The problem I have with the Catechism's teaching on the death penalty is that it is incomplete. It looks at capital punishment only in terms of rendering a criminal harmless for the future. But punishment in general is supposed to fit a crime committed in the past. It is about retribution, which is the only basis on which Jesus could have commended the repentant criminal for accepting his death as just payment for his crime, instead of rebuking him for consenting to his own murder.

Andrew said...

In our parish, in several Masses, both the parish priest and his assistant have prayed for Saddam and even mentioned him during the Canon, naming him amongst the faithful, despite his recitation of the Muslim shahada which were his last words at the gallows, and asking God to number him among His saints.

They're both quite militantly anti-American but this is ridiculous and blasphemous.

The things we suffer.

Anonymous said...

One problem I have with the death penalty for Saddam Hussein or any other mass-murderer is that it just doesnt seem to be dreadful enough.

Anonymous said...

Andrew - I think you ought to tell your bishop about this. Saddam was not only unbaptised, but he gave every indication, if anything, of final impenitence - not a scrap of remorse or repentance for what he had done.

Fr Mark - One point I'd like to add is that the Church has taught since at least the fifth century that death is just retribution for murder and crimes of similar gravity. Even if the charism of infallibility did not attend any of the Popes when they taught on this point, the divine natural law concerning homicide is so clearly inscribed on the human heart that no one who has the use of reason could remain in ignorance of it except through his own fault.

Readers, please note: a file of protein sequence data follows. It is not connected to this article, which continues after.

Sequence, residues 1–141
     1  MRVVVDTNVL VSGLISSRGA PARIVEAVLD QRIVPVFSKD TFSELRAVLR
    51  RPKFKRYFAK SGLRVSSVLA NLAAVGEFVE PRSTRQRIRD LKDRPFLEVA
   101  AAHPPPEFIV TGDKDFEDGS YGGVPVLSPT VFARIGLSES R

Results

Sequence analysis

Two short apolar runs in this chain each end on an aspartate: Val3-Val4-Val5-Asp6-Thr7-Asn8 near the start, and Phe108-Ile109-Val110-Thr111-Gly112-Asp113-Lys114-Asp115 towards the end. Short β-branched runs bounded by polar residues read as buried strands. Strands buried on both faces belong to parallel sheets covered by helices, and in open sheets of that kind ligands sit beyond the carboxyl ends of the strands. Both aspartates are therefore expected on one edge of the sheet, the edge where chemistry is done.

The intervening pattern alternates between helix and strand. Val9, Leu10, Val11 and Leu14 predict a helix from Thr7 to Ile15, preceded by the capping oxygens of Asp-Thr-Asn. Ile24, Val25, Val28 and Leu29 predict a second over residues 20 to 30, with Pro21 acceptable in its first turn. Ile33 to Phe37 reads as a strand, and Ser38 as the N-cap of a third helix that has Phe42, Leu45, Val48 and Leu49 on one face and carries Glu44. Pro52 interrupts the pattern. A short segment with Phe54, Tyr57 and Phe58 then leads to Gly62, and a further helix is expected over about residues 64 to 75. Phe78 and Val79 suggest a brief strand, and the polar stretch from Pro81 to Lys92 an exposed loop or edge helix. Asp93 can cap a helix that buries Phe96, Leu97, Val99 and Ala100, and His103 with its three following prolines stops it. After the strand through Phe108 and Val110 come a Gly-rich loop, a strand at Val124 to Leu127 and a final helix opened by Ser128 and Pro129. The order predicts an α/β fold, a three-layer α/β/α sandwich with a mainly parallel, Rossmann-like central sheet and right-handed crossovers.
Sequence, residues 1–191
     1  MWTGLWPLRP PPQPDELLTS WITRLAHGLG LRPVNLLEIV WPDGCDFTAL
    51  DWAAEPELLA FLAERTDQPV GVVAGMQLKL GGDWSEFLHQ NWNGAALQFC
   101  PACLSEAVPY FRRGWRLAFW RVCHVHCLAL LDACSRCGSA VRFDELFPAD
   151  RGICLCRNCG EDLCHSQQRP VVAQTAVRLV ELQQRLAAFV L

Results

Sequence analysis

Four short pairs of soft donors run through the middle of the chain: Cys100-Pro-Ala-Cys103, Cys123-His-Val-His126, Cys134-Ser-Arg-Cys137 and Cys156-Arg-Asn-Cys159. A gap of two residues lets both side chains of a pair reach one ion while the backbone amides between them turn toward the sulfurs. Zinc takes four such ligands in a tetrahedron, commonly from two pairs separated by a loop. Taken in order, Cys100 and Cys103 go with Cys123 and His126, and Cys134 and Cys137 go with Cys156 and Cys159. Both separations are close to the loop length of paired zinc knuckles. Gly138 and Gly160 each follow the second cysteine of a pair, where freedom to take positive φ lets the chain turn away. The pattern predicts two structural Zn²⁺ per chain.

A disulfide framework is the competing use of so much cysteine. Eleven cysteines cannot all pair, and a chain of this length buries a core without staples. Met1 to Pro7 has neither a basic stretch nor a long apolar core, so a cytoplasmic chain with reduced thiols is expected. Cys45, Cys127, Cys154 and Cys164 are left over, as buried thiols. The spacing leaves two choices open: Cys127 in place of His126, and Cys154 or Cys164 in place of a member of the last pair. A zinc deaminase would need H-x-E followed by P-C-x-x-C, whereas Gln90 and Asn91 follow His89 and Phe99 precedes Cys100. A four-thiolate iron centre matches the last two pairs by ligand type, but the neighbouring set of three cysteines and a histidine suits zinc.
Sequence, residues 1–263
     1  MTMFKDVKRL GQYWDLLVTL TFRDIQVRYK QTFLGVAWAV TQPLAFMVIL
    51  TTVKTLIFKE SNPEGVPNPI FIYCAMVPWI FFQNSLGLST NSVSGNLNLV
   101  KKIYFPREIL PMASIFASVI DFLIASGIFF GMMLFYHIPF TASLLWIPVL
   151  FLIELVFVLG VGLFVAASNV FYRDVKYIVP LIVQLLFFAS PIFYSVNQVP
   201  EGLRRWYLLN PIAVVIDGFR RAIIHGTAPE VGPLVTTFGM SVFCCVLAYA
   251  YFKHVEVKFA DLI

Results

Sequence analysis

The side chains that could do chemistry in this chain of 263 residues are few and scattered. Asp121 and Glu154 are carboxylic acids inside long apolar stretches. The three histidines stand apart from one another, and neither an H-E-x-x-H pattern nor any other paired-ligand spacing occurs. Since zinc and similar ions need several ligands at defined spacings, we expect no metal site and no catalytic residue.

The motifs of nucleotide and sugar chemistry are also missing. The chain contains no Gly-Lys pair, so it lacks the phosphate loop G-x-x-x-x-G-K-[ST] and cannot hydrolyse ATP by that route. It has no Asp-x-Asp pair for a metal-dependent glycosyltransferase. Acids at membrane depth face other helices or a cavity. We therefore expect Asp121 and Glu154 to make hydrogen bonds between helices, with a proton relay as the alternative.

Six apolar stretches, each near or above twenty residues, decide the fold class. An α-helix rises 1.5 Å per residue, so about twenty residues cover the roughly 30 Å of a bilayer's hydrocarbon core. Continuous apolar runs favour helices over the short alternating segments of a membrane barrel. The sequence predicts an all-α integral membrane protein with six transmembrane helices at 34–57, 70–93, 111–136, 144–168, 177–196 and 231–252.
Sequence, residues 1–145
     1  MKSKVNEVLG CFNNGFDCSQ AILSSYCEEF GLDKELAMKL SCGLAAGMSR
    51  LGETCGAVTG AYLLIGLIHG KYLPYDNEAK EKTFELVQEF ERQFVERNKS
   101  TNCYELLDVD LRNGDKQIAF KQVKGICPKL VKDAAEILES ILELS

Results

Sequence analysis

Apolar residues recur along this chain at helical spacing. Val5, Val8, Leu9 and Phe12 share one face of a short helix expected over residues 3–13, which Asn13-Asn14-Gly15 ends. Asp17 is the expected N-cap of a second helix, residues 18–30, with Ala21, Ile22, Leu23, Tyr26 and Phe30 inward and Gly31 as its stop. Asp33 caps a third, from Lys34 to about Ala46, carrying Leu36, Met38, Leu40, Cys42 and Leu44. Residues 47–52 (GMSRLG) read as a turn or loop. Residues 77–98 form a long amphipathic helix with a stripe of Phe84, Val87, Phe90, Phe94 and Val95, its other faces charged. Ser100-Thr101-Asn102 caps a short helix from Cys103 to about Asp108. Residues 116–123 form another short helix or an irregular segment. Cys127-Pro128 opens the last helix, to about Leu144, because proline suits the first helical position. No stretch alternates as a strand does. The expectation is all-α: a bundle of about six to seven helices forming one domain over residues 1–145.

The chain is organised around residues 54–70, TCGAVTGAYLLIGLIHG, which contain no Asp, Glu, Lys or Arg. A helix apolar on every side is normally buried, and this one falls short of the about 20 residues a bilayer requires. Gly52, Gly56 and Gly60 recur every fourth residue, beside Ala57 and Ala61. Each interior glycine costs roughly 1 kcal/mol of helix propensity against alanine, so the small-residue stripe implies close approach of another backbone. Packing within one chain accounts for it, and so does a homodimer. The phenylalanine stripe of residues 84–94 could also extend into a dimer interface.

If, as Father Lombardi and Cardinal Martino seem to think, capital punishment is morally indistinguishable from wilful murder, then Pope Pius XII and all his predecessors, Ss Augustine and Thomas Aquinas, and St Paul and Moses, were all culpable in teaching a doctrine which they knew or ought to have known was false!

At that point those who oppose the death penalty on moral grounds are forced to embrace the heresy that the Holy Scriptures are not inspired in those parts which speak on the subject.

Henry - No, executing Saddam Hussein will not feed the beast. He refused the chicken dinner they offered him as his last meal!

Anonymous said...

Thou shalt not kill. The execution of Sadaam shows how vile and repugnant the death penalty is.I don't wish to offend your readers from Texas but was it not Donald Rumsfeld who was out dealing with Sadaam in the 70s & 80s selling arms and expertise in the Oil industry.Perhaps that is why he was so convinced that there were weapons of Mass destruction,the US, France & the UK among others had sold the parts to him.
No one would defend his appaling record as a Head of State,ruthlessly suppressing any opposition and no doubt guilty of murder.